Black life expectancy figures are converging with those of whites—but that’s not a good thing.

Middle-aged whites are getting sicker, dying quicker, and reporting worse mental health. That is what Dr. Anne Case and Dr. Angus Deaton’s groundbreaking 2015 paper on American midlife whites’ rising morbidity and mortality found.

Dr. Deaton told the New York Times that this phenomenon had just one parallel. “Only H.I.V./AIDS in contemporary times has done anything like this,” he said.

This rise coincides with the surge in heroin use, and follows greater leniency in the medical establishment’s views on pain management. In some regions, drug overdoses have accelerated at such a dramatic rate that they have depleted state funding for indigent burials.

Although there is consensus among healthcare professionals that dealing with chronic pain requires more than just a pill, a pill is often the most cost-effective option. Dr. Keith Wailoo, a Princeton historian whose research focuses on the political and economic history of pain, said to NPR’s Freakonomics team:

“There was a general recognition that you needed more than just drugs to deal with people in chronic pain. You needed social workers, you needed surgeons, you needed psychologists, you needed a wide range of others as well as people with pharmacological expertise.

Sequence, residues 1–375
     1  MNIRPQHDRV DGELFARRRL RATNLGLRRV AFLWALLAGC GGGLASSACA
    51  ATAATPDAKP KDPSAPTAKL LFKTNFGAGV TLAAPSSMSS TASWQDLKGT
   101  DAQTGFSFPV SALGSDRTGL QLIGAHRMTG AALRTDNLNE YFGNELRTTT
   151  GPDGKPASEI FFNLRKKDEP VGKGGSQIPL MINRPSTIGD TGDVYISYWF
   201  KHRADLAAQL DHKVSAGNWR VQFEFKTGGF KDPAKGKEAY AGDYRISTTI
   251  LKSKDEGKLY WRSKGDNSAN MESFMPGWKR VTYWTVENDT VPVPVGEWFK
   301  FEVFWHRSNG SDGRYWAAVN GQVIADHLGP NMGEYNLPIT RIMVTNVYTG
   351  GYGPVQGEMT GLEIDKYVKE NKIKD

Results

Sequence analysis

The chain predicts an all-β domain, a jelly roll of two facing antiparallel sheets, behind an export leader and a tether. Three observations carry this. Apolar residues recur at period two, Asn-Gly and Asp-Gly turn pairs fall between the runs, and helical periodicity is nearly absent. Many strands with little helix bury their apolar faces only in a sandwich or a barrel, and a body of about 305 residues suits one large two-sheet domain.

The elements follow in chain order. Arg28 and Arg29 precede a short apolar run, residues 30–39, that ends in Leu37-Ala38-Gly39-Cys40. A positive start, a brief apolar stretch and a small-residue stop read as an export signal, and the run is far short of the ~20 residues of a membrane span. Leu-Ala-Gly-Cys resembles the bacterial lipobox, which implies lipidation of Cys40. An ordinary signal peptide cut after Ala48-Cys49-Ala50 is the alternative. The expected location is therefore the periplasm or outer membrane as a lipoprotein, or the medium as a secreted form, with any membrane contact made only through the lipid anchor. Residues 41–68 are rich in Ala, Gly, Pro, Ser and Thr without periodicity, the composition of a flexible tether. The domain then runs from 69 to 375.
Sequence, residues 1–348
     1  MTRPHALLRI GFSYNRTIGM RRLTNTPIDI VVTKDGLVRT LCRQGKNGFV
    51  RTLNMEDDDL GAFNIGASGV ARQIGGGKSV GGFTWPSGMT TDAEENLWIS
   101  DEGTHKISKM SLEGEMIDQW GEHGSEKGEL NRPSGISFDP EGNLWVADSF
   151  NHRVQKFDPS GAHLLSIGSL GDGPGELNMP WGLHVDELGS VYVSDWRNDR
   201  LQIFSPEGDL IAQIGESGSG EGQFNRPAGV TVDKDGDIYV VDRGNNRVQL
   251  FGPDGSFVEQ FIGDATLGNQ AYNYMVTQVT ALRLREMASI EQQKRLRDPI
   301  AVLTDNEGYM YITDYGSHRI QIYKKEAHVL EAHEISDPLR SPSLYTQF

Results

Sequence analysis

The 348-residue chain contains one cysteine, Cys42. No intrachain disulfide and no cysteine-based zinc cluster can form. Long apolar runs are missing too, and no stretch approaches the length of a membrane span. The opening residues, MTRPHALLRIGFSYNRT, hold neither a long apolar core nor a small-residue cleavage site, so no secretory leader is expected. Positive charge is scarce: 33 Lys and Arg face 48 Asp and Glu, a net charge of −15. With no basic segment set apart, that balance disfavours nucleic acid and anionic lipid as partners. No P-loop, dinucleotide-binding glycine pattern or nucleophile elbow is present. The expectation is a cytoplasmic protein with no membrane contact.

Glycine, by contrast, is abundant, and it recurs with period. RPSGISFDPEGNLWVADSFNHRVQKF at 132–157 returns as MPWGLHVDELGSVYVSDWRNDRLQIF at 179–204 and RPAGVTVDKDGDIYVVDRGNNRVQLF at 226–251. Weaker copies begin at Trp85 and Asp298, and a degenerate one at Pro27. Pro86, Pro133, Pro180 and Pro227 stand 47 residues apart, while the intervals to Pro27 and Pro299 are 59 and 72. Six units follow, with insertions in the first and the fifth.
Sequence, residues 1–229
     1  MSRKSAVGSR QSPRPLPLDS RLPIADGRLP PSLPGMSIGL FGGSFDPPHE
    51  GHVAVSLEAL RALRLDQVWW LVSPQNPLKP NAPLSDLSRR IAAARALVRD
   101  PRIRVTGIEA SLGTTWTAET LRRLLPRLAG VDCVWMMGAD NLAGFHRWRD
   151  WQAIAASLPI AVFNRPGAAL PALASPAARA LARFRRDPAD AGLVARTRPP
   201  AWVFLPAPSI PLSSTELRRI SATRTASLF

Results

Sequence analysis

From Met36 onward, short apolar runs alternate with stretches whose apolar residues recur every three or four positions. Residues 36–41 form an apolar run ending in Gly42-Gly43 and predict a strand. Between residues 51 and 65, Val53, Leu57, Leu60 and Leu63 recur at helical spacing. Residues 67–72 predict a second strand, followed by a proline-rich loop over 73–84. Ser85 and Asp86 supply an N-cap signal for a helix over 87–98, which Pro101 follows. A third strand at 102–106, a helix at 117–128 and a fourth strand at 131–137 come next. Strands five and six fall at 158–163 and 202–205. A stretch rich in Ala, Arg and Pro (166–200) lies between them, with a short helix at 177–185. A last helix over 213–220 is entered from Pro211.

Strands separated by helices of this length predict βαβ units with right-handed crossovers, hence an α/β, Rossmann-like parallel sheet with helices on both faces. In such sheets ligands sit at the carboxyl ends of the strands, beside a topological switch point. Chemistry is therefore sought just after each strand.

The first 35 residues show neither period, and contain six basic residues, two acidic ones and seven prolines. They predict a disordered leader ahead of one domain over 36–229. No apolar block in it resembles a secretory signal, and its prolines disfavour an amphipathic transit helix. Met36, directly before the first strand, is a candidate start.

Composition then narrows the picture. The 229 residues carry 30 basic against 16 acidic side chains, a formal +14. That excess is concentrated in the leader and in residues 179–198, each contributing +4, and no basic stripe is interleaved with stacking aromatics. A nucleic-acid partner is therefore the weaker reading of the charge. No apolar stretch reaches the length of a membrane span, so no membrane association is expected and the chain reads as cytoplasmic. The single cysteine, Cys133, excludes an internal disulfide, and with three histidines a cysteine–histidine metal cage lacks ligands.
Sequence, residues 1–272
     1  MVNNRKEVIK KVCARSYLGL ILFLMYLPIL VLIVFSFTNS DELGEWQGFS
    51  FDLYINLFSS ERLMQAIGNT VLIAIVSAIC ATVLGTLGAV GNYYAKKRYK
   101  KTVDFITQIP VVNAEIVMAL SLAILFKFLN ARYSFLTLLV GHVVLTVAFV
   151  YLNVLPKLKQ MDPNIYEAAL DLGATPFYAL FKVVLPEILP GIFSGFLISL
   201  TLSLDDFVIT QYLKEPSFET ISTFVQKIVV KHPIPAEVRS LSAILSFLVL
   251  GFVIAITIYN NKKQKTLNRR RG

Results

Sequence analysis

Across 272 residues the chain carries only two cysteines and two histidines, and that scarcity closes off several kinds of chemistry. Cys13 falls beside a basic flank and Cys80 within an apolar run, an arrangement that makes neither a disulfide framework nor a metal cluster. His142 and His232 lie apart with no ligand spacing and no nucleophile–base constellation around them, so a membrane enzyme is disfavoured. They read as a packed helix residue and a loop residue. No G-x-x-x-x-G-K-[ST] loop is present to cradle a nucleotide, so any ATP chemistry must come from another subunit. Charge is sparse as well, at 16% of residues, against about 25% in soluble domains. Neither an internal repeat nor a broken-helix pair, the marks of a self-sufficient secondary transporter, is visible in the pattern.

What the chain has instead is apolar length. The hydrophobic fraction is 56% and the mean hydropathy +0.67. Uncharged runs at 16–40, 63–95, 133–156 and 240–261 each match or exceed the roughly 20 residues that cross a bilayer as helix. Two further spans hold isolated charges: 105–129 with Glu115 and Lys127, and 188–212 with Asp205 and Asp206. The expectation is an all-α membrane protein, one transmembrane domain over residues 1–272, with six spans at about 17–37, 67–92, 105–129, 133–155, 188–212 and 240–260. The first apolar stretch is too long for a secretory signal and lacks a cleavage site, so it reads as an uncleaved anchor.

. . . And so, you know one of the economic trends, since the 1980s, with the rise of cost containment, is to sort of see drugs as the cheapest and the fastest solution to our problem.

. . . We are a consumer society that believes in the power of the magic pill.”

Why have epidemiologists, health economists, and other public health experts missed this trend until recently? Aggregated data on mortality rates in the United States show a persistent, long-term decline. However, once disaggregated by age and race, whites aged 45-54 show a higher mortality rate than US Hispanics, and the citizens of six other rich nations.

A look into the changes in midlife mortality rates from 1999 to 2013 reveals something awry. The numbers are remarkable.

The data show that whites exceed blacks and hispanics in increases in mortality due to poisoning, intentional self-harm, transport accidents, and chronic liver cirrhosis—all categories including all-cause mortality.  Over the 15 year period, all-cause mortality has increased by more than 33 per 100,000 for whites, but decreased by 214 and 63 per 100,000 (poht) for blacks and hispanics respectively.

Whites with a high school degree or less are the cross-section in greatest peril, the data reveal. This group experienced an over 134 poht increase in aggregate mortality and leads in all mortality subtypes. This group also reports major declines in mental health, an increase in financial stress, and increases in dangerous self-medicating behavior like alcohol and drug abuse.

Most notable is the over 44 per 100,000 increase in drug or alcohol poisoning related deaths.